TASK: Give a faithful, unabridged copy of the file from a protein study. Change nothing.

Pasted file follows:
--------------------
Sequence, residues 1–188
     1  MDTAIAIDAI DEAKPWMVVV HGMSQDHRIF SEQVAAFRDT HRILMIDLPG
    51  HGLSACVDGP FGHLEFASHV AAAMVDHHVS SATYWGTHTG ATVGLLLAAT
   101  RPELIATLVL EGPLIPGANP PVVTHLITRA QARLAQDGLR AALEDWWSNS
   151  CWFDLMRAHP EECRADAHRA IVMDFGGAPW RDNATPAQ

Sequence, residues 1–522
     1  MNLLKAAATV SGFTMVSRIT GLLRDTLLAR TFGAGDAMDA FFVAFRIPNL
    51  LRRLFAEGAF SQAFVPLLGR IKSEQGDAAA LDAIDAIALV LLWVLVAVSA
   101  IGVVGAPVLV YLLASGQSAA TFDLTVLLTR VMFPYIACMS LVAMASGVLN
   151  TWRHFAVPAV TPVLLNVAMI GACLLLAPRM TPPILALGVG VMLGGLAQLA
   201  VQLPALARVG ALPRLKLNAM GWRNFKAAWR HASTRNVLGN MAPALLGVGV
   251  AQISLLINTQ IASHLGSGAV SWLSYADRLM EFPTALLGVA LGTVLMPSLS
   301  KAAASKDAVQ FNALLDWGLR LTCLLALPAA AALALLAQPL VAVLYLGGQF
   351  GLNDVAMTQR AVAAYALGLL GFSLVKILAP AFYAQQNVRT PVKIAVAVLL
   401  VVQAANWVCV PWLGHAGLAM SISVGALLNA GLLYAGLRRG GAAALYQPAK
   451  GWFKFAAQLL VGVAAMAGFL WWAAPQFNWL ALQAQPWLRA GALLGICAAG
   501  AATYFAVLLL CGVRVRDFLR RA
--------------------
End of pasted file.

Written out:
Sequence, residues 1–188
     1  MDTAIAIDAI DEAKPWMVVV HGMSQDHRIF SEQVAAFRDT HRILMIDLPG
    51  HGLSACVDGP FGHLEFASHV AAAMVDHHVS SATYWGTHTG ATVGLLLAAT
   101  RPELIATLVL EGPLIPGANP PVVTHLITRA QARLAQDGLR AALEDWWSNS
   151  CWFDLMRAHP EECRADAHRA IVMDFGGAPW RDNATPAQ

Sequence, residues 1–522
     1  MNLLKAAATV SGFTMVSRIT GLLRDTLLAR TFGAGDAMDA FFVAFRIPNL
    51  LRRLFAEGAF SQAFVPLLGR IKSEQGDAAA LDAIDAIALV LLWVLVAVSA
   101  IGVVGAPVLV YLLASGQSAA TFDLTVLLTR VMFPYIACMS LVAMASGVLN
   151  TWRHFAVPAV TPVLLNVAMI GACLLLAPRM TPPILALGVG VMLGGLAQLA
   201  VQLPALARVG ALPRLKLNAM GWRNFKAAWR HASTRNVLGN MAPALLGVGV
   251  AQISLLINTQ IASHLGSGAV SWLSYADRLM EFPTALLGVA LGTVLMPSLS
   301  KAAASKDAVQ FNALLDWGLR LTCLLALPAA AALALLAQPL VAVLYLGGQF
   351  GLNDVAMTQR AVAAYALGLL GFSLVKILAP AFYAQQNVRT PVKIAVAVLL
   401  VVQAANWVCV PWLGHAGLAM SISVGALLNA GLLYAGLRRG GAAALYQPAK
   451  GWFKFAAQLL VGVAAMAGFL WWAAPQFNWL ALQAQPWLRA GALLGICAAG
   501  AATYFAVLLL CGVRVRDFLR RA